I have come to the belief that what has happened in many rural places is an onset of lost hope. I have not traveled the world to validate that this has occurred in all places, however, I have traveled enough and been exposed to enough, personal experience and images of places to believe that my assertion here is correct.
People living in places look at their surroundings and the people’s lives around them and apparently decide that this state of affairs is a reflection of their life. When a state of mind of resignation sets in there is little hope. That is when diversions from everyday life become the focus of ones existence. This can come in many forms whether it be drugs and alcohol abuse, community infighting, or other forms of behavior which have an internal focus. This state of being is dominated by a focus and manifestation of "what is wrong". Most energy is focused in a negative way, and as a result, the problems persist and often times increase in magnitude.
In these situations, it will be necessary for the people to be woken up from their apparent slumber. Often, if one was to look at the actual natural, human and community assets, they abound. It is only a matter changing the focus of the lenses with which we look at our situation. In the simplest terms this means that one needs to step into creative and out of the competitive mindset. Wallace D. Wattles said it best as describing the competitive mindset as a “mad scramble for power over others”. As I have spent the last decades traveling throughout rural America, I have found that so many good ideas, passions, visions, dreams have been stymied because of the viewpoint that there is not enough to go around. Additionally, small community politics is also blamed. A few power brokers apparently hold all the resources and wherewithal to prevent good works and change from happening. This view is fatalistic. In fact, it is quite apparent that the people who spend their time bemoaning these “evil” people only provide additional fuel to the “power brokers” in giving credence to the situation.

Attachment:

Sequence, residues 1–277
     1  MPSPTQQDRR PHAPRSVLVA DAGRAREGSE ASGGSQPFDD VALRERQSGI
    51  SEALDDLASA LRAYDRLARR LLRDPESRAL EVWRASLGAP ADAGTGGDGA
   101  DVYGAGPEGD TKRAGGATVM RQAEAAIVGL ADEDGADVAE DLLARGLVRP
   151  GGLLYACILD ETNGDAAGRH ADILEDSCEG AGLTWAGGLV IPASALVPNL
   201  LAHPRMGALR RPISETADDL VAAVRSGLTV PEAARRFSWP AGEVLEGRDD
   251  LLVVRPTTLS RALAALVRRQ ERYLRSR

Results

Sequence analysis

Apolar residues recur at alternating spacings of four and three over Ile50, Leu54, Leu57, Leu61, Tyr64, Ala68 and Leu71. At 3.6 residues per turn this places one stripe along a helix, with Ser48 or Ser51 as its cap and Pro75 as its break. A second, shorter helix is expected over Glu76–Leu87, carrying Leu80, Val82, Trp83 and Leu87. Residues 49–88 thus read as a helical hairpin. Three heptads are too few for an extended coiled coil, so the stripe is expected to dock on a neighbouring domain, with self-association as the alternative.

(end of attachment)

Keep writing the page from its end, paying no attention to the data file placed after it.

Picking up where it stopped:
Essentially this type of resentment only results in both parties getting the "short end of the stick". Yes, some people might think that the power brokers are happy. However, I would propose to ask the question “are they really happy?”. Some people may dispute, however, the point to be made here is that the majority in the community could take their power back if they so choose. If they, instead of bemoaning and adding negative energy to the people they dislike, focused on organizing a group of people in a positive mindset to identify solutions, they would be surprised to discover how much could be accomplished.
John Nash eluded to this reality in his theory (He showed, in general, that there are limits on the degree of success that can be achieved by people in competition against each other). Instead of looking at the world with scarcity and limit, communities should see that there is an abundance of opportunity wherever there is creativity.
This shifting of view from focusing on what’s wrong to what is possible not only opens up new opportunities, but it also frees people from their self made prisons. The irony of resentment is that it really is its own reward (as is any state of mind). As we focus our mental energy on a person that we dislike we really attach ourselves to them closer than we do to ourselves or the people we would prefer to have held in our thoughts. The anger and resentment becomes our master and we tie a rope around the person who, if we stepped back and thought about it, would be the last person we would want to be close to.
We spend countless hours hashing and rehashing the wrongs we perceive, wasting valuable time, while in all likelihood the other person is going about their day with no thoughts about us. How many countless hours of sleep have been lost by our inability to learn this simple yet valuable lesson.
There may be a metaphysical and spiritual axiom involved in this situation. Maybe we tie ourselves to these situations in order for us to learn the lessons of this.
For small communities that want something better, this squandering of resources is especially problematic. Numerous cases can be cited of communities that ended up going away because of their inability to see new opportunities or to get past community leadership infighting, which basically is the competitive mindset.